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climbing active mud volcanoes in eastern azerbaijan

Absheron, Azerbaijan, January 2018

Setting off further south from the Petroglyphs our taxi driver, driving one of Baku's boxy Hackney carriage taxis, pulled over at the side of the motorway where we swapped vehicles. We were handed over to a giant of a man whose tiny white Lada was to be our chariot along the dangerous quagmire of a mud track and up the mountainside to the volcanoes themselves. Driver Number One also joined us in the Lada, sitting in the passenger seat whilst we squeezed in the back. We had previously been told that a 4WD was the only vehicle capable of tackling the treacherous route. So why were we sat in a Lada? Answer: because locals know that only a Lada is small, light and nimble enough to make it through the mud and up the slippery mountain. The laws of gravity dictate that the heavier the vehicle, the quicker they'll sink. Indeed, some unfortunate souls we passed along the route had done just that, including a group of Russians who were forced to abandon their car and instead head up the mountainside on foot (one man choosing to walk barefoot rather than ruin a perfectly decent pair of shoes). Our Gentle Giant Lada driver was superb at handling the car, thrusting its wheel left, right, left again to avoid getting bogged down in the mud. The car skidded and bounced and, at a number of points, I thought that perhaps we should have heeded the warnings voiced back in Baku; I had visions of having to get out of the car to help dig it out. But he knew what he was doing and any fears I had about being in a car I'd initially deemed completely inappropriate soon evaporated. Expert driving, combined with the trusty machinery of a Soviet-era tin can on wheels, meant that after a few touch-and-go moments we had made it along the makeshift track and onto the mountain plateau, home to one of the strangest sights I have ever clapped eyes on: a collection of conical shapes, some metres high, bubbling and coughing their thick grey liquid and shooting the odd flame up into the air. The volcanoes were all rather astonishing in themselves but set amid an eerie lunar landscape, encircled by a 360° mountain range, and topped with a deep blue sky, was truly unbelievable. It was one of those moments when you pause and think to yourself, "aren't I lucky to be seeing this?"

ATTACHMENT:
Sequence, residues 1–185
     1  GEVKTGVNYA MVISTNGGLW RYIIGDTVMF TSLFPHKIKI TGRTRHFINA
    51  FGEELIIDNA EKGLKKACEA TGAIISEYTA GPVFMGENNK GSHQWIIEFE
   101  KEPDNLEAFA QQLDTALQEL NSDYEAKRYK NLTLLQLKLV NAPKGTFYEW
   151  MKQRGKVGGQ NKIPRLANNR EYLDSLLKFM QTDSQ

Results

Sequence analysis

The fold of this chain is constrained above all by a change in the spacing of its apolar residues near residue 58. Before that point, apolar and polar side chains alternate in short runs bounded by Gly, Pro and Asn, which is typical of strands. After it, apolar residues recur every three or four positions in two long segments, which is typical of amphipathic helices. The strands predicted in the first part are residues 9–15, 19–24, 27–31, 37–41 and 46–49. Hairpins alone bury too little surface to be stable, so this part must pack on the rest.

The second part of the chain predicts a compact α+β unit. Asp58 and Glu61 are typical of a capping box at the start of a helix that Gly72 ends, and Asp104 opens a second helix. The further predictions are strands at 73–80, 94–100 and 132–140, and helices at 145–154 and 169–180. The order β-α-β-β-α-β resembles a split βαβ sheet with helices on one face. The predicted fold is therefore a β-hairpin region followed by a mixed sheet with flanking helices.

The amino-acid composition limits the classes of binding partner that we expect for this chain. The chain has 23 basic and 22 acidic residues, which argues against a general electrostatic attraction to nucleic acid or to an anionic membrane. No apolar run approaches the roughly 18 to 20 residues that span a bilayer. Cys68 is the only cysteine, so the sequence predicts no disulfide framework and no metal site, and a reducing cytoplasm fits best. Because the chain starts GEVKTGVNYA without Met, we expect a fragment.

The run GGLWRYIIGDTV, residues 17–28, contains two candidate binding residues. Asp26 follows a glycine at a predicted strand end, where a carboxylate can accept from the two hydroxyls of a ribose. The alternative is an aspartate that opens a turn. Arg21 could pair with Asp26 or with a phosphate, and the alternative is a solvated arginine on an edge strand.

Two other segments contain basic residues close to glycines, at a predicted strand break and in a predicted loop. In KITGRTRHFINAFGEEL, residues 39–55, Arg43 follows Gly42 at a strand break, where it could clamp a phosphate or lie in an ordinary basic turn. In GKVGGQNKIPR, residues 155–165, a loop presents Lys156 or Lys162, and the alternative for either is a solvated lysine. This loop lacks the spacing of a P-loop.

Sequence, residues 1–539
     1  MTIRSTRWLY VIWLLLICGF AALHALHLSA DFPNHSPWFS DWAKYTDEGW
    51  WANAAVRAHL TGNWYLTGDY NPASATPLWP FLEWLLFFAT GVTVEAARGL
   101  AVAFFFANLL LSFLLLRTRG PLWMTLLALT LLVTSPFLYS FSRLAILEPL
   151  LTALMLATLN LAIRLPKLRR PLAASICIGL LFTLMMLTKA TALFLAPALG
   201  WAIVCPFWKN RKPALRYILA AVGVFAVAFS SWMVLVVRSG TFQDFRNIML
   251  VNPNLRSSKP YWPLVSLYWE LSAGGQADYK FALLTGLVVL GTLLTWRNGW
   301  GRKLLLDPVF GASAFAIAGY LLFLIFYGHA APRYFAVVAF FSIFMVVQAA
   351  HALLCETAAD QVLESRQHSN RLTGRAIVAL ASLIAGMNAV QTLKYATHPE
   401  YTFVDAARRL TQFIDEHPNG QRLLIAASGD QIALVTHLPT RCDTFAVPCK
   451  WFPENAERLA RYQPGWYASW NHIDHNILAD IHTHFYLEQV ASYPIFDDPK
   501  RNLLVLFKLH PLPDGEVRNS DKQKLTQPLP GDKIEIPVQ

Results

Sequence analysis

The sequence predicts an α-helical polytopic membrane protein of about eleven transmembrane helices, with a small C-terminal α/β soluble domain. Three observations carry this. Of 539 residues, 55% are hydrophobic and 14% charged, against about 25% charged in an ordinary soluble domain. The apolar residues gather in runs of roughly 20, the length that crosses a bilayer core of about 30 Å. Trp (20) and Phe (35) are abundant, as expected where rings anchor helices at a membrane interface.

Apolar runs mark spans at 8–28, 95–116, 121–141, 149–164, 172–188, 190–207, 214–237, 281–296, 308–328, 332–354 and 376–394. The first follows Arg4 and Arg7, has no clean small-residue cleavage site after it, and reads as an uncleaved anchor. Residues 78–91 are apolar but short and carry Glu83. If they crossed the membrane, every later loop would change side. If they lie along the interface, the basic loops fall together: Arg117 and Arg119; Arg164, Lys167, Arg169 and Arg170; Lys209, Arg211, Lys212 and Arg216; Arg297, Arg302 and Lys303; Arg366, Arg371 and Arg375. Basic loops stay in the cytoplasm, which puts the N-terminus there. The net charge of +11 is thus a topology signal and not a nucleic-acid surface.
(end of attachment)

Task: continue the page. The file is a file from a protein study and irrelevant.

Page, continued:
I was hopelessly ill-prepared for the challenges this fantastically muddy landscape posed: the thick mud sucked and pulled on my trainers at every step. I tightened the laces as much as I could, preventing them from being completely left behind in the deep, inevitable squelch of my next step. It didn't matter that my trainers were ruined - the Mud Volcanoes were truly worth the sacrifice. Bizarrely, Driver Number One, the most ill-equipped of us all, joined us among the bubbling volcanoes wearing his formal black leather shoes, seemingly having been overcome with as much excitement as our own, leaving the dignified safety of where the car was parked and taking to scrambling over the mud cones along with the rest of us. We were all reduced to children that day. Standing on top of a gurgling mud volcano I surveyed this most Science Fiction of landscapes, one which was, rather incongruously, disrupted by the presence of three white Ladas parked in the mud below and positioned at disconcerting angles. We were a million light years away from Baku. And it was great.

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outdoor adventures in new zealand's fiordland

South Island, New Zealand, January 2017